Helping Panhandlers

by Stephanie Thomas

Recently I watched a TED Talk given by Richard Berry who at the time of the talk was the mayor of Albuquerque, NM. His talk was on his program There’s a Better Way which was created to get panhandlers off the street. The city put 50k into his good-intentioned program, using the money to fix up a van and pay a driver named Will who spent an hour driving around town each day asking panhandlers if they wanted to work for the day. Most did and they were taken to a job site where they worked along city workers cleaning up trash and brush.

Mayor Berry praised the program’s success. He did in fact get more panhandlers into homeless shelters, assisted many into getting mental health and medical treatment, and helped 100 people find full time jobs. He also proved his theory that there are panhandlers who would rather work then beg. Unfortunately, the program did not make a dent in the number of panhandlers in the city of Albuquerque.

Was it a good program? It might have been with enough resources.  People on the street clearly need someone like Will who will come up to them and say, “Hi, I want to help you. Here’s a job. Here’s medical treatment. Let’s work together and we can get you off this street corner and into housing.”  However, as with so many programs designed to help panhandlers and the homeless, not enough resources and time were put into There’s a Better Way. Great ideas are worthless without the resources to back them up.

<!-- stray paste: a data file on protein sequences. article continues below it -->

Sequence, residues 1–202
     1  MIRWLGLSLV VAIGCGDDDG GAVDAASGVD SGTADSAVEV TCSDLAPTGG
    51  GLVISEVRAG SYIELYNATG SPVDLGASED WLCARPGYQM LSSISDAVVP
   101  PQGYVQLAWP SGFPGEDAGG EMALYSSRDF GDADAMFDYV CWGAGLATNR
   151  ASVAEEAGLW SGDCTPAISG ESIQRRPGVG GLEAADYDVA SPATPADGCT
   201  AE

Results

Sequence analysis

Three years after the program was created, the city changed course and passed an ordinance designed to stop people from panhandling, basically making it illegal for people to beg.

What does it take to get the homeless and panhandlers get off street? We have a model in place. It takes the same kind of funding and effort that was given to get veterans off the street.

Over the last few years the United States Interagency Council on Homelessness has been focused on reducing homelessness for veterans. In some cities now, there are few to no homeless veterans. If there are programs and policies that work for veterans then why don’t we fund similar programs and create similar policies to reduce homelessness and the need for panhandling for everyone?

The list below is copied from an “abbreviated” list of the improved process that helped get veterans off the street and into housing:

  • Public housing authorities can share their housing inspection standards with non-profit organizations helping veterans find apartments. This allows non-profits to complete informal pre-inspections to help veterans find apartments that will pass required housing quality inspections on the first try.